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Opinion
Jessica Karl

Trump’s Coronavirus Record Is Troubled at Best

From bungled tests to chaotic messaging, the president’s handling of the pandemic hasn’t exactly been smooth sailing.

How many lives has he saved?

How many lives has he saved?

Photographer: Bloomberg/Bloomberg

On night one of the 2020 Republican National Convention, President Donald Trump was praised for his management of the coronavirus pandemic. “As a healthcare professional, I can tell you without hesitation Donald Trump's quick action and leadership saved thousands of lives during Covid-19,” said Amy Ford, a registered nurse from West Virginia. Even Trump gave himself a pat on the back during his acceptance speech: “When the China virus hit, we launched the largest national mobilization since World War II.”

But with over 180,000 deaths from the virus and millions of people unemployed, just how successful has Trump been in leading the nation’s pandemic response? Bloomberg Opinion columnists have been tracking his progress from the start.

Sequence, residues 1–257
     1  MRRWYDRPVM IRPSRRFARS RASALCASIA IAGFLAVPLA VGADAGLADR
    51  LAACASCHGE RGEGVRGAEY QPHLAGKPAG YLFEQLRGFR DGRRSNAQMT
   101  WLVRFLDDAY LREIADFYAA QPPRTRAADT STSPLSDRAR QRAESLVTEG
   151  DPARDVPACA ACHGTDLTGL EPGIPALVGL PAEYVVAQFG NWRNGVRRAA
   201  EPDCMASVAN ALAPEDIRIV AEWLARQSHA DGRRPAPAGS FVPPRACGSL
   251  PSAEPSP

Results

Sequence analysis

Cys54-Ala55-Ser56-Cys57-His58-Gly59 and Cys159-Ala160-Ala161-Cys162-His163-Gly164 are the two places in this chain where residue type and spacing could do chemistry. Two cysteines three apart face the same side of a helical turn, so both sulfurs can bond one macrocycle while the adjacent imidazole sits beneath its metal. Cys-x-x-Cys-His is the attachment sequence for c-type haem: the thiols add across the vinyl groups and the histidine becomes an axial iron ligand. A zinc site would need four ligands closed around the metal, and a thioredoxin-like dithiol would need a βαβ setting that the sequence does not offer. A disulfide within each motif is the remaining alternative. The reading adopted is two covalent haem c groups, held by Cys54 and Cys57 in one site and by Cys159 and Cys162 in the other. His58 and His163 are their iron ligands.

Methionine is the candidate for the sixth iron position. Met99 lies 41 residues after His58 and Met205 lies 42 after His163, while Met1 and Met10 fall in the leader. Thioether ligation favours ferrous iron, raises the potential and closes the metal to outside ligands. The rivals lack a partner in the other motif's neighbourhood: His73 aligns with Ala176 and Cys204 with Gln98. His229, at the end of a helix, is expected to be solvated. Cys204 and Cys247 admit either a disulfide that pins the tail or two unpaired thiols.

Covid-19 Testing Is Broken and There's No Plan to Fix It: “When Covid-19 first escalated in the spring, President Donald Trump briefly came to recognize there was battle to be fought. ‘I view it as a, in a sense, a wartime president,’ he said in March. ‘It’s a medical war. We have to win this war. It’s very important.’ But one month after setting up a coronavirus task force in the White House and putting his son-in-law, Jared Kushner, in charge of expanding testing, Trump effectively shifted primary responsibility for the battle to the states. It was as if, during World War II, Franklin D. Roosevelt had told governors to devise their own military strategies and produce their own tanks, ships and planes.” – Timothy L. O’Brien

A Horrifying U.S. Covid Curve Has a Simple Explanation: “A sluggish initial response and failure to ramp up testing let the virus spread far and wide in the U.S. And instead of coordinating a coherent and aggressive national response, President Donald Trump has consistently downplayed the threat of the infection and left decisions to insufficiently supported states. As a result, decisions over lockdowns and reopenings have been chaotic and have ignored the guidelines put forth by federal public health officials.” – Max Nisen